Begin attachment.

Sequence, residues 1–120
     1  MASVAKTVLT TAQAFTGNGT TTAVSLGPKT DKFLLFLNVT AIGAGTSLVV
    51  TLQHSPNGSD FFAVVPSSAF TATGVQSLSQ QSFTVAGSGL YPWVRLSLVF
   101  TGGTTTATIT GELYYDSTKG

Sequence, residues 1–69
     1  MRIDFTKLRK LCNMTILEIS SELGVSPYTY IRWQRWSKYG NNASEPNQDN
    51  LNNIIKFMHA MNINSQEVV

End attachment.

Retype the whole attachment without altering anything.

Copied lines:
Sequence, residues 1–120
     1  MASVAKTVLT TAQAFTGNGT TTAVSLGPKT DKFLLFLNVT AIGAGTSLVV
    51  TLQHSPNGSD FFAVVPSSAF TATGVQSLSQ QSFTVAGSGL YPWVRLSLVF
   101  TGGTTTATIT GELYYDSTKG

Sequence, residues 1–69
     1  MRIDFTKLRK LCNMTILEIS SELGVSPYTY IRWQRWSKYG NNASEPNQDN
    51  LNNIIKFMHA MNINSQEVV